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Fun With Carnitas

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    Fun With Carnitas

    Prior to the pandemic, virtually every Friday night we were in town, you could find my wife and me at our local Mexican restaurant run by a family that really made it a special place. Most visits, we would start with their fresh guacamole prepared tableside and then share an entree. One of my favorites there is carnitas.

    I don't profess to be any sort of expert on Mexican cooking, but I consider their carnitas to be moderately authentic. The pork is in fairly large chunks, maybe three inches or more on a side, and has an incredible sear on it. Another authentic restaurant across town serves virtually same dish. Both serve with tortillas, fresh onion, lettuce, lime and fresh avocado.

    I had a little chunk of pork butt in the freezer, weighing about 1.75 pounds, so I decided it would be fun to try my hand at carnitas. Googling for carnitas recipes gives a mix of wildly different approaches. It seems lots of people start with pulled pork and crisp it up in a pan. Recipes that look a bit more like what I get at the places I like appear to start with what seems like poaching pork butt chunks in a mix of broth, citrus and lard, followed by frying in lard. There is even one old post here in that vein, although in the end it winds up as a carnitas burrito with the pork looking somewhat pulled after frying.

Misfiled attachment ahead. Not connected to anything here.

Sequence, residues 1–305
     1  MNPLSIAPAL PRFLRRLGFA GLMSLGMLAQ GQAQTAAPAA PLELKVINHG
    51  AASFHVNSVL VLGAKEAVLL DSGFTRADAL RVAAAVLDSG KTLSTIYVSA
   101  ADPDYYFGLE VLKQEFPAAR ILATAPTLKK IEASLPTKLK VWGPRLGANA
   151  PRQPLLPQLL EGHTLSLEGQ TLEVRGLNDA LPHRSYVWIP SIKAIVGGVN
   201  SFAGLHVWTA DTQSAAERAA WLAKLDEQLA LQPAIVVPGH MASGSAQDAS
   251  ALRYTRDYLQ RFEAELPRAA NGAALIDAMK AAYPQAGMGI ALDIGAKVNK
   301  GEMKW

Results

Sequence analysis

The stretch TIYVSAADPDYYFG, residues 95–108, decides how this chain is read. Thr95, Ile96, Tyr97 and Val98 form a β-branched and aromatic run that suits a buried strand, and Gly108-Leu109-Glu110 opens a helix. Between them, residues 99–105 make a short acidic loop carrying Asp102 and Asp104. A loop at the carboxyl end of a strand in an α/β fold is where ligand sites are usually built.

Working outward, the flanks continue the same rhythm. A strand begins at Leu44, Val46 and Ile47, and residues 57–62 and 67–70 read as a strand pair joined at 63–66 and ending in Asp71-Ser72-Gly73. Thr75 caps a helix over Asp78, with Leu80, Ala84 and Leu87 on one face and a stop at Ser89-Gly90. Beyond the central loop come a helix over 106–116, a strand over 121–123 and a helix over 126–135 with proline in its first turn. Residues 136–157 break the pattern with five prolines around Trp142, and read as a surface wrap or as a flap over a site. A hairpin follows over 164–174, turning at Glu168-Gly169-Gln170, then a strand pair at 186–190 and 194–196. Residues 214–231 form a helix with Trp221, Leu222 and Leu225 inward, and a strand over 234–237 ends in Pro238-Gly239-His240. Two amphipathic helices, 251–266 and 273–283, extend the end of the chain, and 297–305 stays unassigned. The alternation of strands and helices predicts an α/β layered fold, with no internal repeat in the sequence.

Being lazy, I decided not to go too far out of my comfort zone and start with smoking rather than poaching. I also don't have any lard on hand. In thinking through what I could do for the frying step, I realized I have some Crisco around. A quick look online told me that the smoke point for Crisco is 490. That explains why Grandma's home fries were always so good and crispy: you can fry at super high heat levels with this stuff.

    I also had no idea how far to cook the butt chunk before cubing and frying. I randomly chose 190. I used a commercial rub with salt that my daughter had given me for Christmas (Habanero Hitman, it turns out to be pretty good) and put the butt on with the controller set for 275. Here it is at 190 internal:

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    I chose cutting into smaller cubes that wouldn't require further breaking apart to go into tacos. I hit the cubes with a mixture of lime juice and orange juice, along with zest.

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    And here we are in the Lodge, which I got to over 450 before dropping the cubes in (in two batches):